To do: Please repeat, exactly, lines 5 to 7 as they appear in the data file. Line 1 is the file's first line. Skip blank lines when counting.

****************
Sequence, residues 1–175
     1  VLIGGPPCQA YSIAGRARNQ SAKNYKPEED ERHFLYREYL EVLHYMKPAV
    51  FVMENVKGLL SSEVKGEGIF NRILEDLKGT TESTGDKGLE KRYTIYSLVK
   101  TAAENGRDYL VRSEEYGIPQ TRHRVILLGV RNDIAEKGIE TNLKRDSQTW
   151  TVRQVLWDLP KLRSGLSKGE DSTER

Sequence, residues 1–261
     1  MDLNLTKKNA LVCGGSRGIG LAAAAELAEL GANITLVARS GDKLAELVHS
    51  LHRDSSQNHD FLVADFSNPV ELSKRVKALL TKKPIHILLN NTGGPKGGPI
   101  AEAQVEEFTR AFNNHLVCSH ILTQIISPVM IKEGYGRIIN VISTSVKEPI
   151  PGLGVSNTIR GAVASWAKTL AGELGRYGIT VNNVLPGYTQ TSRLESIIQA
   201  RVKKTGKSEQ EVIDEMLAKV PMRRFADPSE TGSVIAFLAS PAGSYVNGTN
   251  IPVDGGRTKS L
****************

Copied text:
   151  TVRQVLWDLP KLRSGLSKGE DSTER

Sequence, residues 1–261
     1  MDLNLTKKNA LVCGGSRGIG LAAAAELAEL GANITLVARS GDKLAELVHS